For attorneys, this means: (1) assessing the ways in which client medical information can be lost, stolen, or improperly accessed; (2) determining how to reasonably protect against such risks using the Security Rule's safeguards; (3) documenting those efforts in written policies and procedures; (4) training all your personnel on the policies and procedures; and (5) enforcing the policies and procedures.
Notice of Security Breaches
The statutes combine to require lawyers (who would be considered business associates) to notify their clients (who would be covered entities) following discovery of a breach of unsecured PHI. (Breaches involving "secured" PHI do not trigger the notice requirement.) If notice is required, it must be given to the clients without unreasonable delay and in no case later than 60 calendar days after the breach is discovered. (See 42 U.S.C. § 17932(d); 45 C.F.R. § 164.404(b).) Affected attorneys must, to the extent possible, identify each individual whose unsecured PHI was breached, and any other available information that the covered entity (the lawyer's client) will need to notify all the affected individuals.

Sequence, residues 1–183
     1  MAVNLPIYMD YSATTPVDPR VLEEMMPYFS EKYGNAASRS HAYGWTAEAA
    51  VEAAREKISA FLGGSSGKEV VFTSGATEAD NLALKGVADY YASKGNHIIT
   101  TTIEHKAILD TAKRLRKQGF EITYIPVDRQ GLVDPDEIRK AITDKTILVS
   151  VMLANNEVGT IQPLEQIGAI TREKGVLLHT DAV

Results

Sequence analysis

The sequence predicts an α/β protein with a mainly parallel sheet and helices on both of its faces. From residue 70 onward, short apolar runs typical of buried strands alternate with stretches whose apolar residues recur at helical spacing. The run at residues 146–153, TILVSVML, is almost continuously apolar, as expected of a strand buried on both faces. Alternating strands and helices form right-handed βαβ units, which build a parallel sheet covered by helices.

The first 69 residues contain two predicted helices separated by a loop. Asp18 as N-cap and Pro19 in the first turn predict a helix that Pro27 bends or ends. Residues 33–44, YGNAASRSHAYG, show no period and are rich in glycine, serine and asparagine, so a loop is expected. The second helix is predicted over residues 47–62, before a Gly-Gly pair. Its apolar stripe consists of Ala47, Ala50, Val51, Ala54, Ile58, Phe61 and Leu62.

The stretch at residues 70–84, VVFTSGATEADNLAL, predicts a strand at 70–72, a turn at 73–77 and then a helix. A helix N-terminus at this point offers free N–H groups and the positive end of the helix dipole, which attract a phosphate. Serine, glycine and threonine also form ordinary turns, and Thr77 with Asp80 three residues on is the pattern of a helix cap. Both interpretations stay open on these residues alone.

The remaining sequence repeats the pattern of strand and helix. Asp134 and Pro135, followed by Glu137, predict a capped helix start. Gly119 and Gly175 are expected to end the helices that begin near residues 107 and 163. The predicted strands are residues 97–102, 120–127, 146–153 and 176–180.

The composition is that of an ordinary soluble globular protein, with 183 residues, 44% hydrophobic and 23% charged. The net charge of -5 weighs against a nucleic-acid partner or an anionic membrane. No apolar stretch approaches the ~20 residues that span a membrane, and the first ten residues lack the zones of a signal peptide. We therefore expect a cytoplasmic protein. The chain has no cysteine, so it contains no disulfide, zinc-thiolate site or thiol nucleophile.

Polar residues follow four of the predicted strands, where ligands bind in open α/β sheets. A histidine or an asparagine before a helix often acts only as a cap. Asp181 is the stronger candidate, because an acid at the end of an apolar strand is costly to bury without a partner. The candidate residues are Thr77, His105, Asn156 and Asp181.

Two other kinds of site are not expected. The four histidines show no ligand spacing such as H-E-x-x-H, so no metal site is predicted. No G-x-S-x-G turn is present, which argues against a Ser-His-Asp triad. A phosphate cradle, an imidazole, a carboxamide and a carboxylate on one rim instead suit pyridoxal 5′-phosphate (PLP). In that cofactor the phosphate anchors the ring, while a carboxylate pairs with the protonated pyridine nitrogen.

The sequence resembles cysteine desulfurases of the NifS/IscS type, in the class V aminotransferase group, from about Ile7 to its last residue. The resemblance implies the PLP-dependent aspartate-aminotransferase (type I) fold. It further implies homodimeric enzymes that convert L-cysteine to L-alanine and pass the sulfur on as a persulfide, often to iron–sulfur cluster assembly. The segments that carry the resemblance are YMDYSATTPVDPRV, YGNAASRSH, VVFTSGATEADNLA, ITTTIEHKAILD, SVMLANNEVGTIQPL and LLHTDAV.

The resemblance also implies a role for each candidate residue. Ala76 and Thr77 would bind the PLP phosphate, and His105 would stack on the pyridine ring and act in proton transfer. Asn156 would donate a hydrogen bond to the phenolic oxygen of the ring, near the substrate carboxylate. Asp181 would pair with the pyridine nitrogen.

But what constitutes a breach? Under HIPAA and HITECH, the term means the acquisition, access, use, or disclosure of PHI in a manner not permitted under the Privacy Rule that compromises the security or privacy of PHI. Although theft of a laptop certainly qualifies as a breach, unauthorized access by an entity's personnel (snooping, for example) can also be a breach. (42 U.S.C. § 17921(1); 45 C.F.R. § 164.402.)
On the other hand, the law excludes an inadvertent or unintentional disclosure of PHI that occurs in good faith by employees acting within the scope of employment duties - as long as the PHI is not further used or disclosed improperly. To comply with the statute, it's essential that you understand the proper ways to access and use PHI - and also that you train your workforce.